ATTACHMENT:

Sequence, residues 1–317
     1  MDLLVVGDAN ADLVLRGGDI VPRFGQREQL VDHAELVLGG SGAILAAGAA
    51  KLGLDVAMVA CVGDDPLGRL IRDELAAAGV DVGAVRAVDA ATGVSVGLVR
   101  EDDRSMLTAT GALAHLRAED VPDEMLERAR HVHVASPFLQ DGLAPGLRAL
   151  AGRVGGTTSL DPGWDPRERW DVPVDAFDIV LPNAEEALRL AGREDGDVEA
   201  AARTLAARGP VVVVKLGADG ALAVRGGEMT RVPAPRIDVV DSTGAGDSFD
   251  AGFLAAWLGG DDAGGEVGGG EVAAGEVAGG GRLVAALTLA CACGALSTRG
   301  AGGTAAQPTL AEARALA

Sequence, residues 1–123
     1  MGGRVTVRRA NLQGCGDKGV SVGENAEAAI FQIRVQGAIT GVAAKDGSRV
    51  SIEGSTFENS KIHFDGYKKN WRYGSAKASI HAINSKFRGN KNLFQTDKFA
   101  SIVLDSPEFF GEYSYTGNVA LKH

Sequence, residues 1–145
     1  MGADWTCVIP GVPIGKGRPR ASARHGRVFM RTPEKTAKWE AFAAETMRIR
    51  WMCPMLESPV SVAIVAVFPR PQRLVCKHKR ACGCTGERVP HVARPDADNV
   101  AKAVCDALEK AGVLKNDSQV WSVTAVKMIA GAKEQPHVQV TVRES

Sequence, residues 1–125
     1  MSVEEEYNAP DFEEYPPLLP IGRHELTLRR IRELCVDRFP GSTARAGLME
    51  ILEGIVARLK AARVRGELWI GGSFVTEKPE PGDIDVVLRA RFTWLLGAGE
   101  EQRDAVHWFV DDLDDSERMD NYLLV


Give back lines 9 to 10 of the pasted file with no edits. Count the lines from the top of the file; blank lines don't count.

Sequence, residues 1–123
     1  MGGRVTVRRA NLQGCGDKGV SVGENAEAAI FQIRVQGAIT GVAAKDGSRV